How Microsoft's big bet on 5G may be bad for your health

5G, the next evolution of mobile networks, promises to transform the way we experience technology. 1G brought voice to a mobile platform. 2G introduced text. 3G delivered higher speeds and enabled music and video streaming. 4G or LTE brought up to 10-times higher speeds than 3G. 5G has been described as an evolution of mobile computing due to the many new computing scenarios it is expected to enable such as connected cars, advanced A.I., remote healthcare, advanced augmented (AR) and virtual reality (VR) and much more.

5G networks will have low latency (very responsive with no delay). They will be exponentially faster than current networks and more robust (able to handle more data). And they will be capable of connecting far more devices. Devices will not only connect and communicate with the network, but 5G's robust low latency qualities will allow devices to connect, communicate and "make decisions" between one another (i.e., smart cars) in real time. These capabilities are foundational to Microsoft's "Azure as the world's computer vision, " its intelligent edge and IoT infrastructure and its always connected PC, Artificial Intelligence (A.I.), Mixed Reality and xCloud game streaming strategies.

Still, with all the good 5G promises, there is a cost. Many are claiming that the particular radio frequencies that make 5G great and the thousands of small cell towers required to build out 5G infrastructure pose serious health risks to humans, animals, and the environment. And this outcry isn't coming from technophobes, conspiracy theorists or people on the fringe. Warnings against 5G are erupting from the international scientific community, a reputable source comprised of hundreds of scientists from around the world.

Hundreds of scientists are crying out

In September of 2017, 180 scientists and doctors from around the globe collaborated to begin a petition to stop 5G's deployment due to health risks the technology poses.

5G technology uses a portion of the radio spectrum called millimeter waves. These are very high-frequency waves that give 5G the speed and data capacities that promise to transform the industry. Unlike current and previous spectrum used, however, millimeter waves lose their integrity over long distances, and they don't pass through solid objects very well. Buildings, trees, and even a falling leaf can interfere with millimeter waves. That's a recipe for lousy user experiences.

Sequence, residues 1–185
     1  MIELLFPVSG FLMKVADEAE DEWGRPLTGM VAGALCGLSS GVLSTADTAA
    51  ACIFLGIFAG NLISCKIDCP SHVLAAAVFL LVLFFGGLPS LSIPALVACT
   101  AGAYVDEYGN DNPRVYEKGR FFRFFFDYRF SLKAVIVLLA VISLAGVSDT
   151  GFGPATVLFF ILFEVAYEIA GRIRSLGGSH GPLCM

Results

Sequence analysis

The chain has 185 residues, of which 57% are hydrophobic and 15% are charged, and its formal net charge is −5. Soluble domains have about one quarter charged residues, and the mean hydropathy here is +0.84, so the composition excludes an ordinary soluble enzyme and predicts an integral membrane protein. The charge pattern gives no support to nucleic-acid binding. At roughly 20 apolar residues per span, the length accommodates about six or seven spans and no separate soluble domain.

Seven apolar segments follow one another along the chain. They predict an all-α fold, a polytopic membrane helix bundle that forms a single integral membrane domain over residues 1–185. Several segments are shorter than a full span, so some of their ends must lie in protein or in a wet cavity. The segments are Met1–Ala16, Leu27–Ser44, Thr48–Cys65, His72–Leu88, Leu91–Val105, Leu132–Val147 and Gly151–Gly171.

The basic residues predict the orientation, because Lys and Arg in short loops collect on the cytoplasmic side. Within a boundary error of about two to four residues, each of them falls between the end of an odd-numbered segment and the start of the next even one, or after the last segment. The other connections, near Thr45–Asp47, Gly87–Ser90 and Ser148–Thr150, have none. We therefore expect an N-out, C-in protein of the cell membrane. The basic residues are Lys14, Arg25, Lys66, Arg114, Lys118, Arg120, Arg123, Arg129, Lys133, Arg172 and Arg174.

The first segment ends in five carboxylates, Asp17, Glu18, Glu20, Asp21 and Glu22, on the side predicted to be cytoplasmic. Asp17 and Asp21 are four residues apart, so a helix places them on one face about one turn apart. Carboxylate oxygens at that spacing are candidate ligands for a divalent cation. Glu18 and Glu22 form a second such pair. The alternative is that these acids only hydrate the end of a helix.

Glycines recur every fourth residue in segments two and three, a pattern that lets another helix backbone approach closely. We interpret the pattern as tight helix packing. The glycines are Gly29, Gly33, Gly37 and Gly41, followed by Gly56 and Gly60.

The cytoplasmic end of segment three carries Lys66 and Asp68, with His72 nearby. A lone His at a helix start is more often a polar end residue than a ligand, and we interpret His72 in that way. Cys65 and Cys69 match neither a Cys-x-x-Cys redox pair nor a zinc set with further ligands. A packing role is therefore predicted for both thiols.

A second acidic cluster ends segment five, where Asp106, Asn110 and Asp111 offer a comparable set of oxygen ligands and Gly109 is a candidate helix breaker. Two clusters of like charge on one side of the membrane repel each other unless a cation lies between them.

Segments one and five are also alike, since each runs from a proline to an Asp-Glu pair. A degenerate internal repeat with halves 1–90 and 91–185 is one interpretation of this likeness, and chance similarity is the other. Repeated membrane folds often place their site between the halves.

To compensate for millimeters waves short range and their susceptibility to interference thousands of "small towers" need to be, and are being, implemented throughout municipalities, towns, and neighborhoods. These small towers, which are affixed to lamp posts, traffic lights buildings and more, allow for the near "line of sight" directing of 5G millimeter waves toward users and devices. It is the inundation of these small towers, that will be required approximately every 10-12 houses, and will bath neighborhoods and cities in 5G millimeter waves that concern scientists and citizens. Following are some of the risks they've outlined:

  • Increased cancer risk.
  • Cellular stress.
  • Increase in harmful free radicals.
  • Genetic damage.
  • Structural and functional changes of the reproductive system.
  • Learning and memory deficits.
  • Neurological disorders.
  • Negative impacts on general well-being in humans.
  • Harmful effects to both plant and animal life.

More voices are chiming in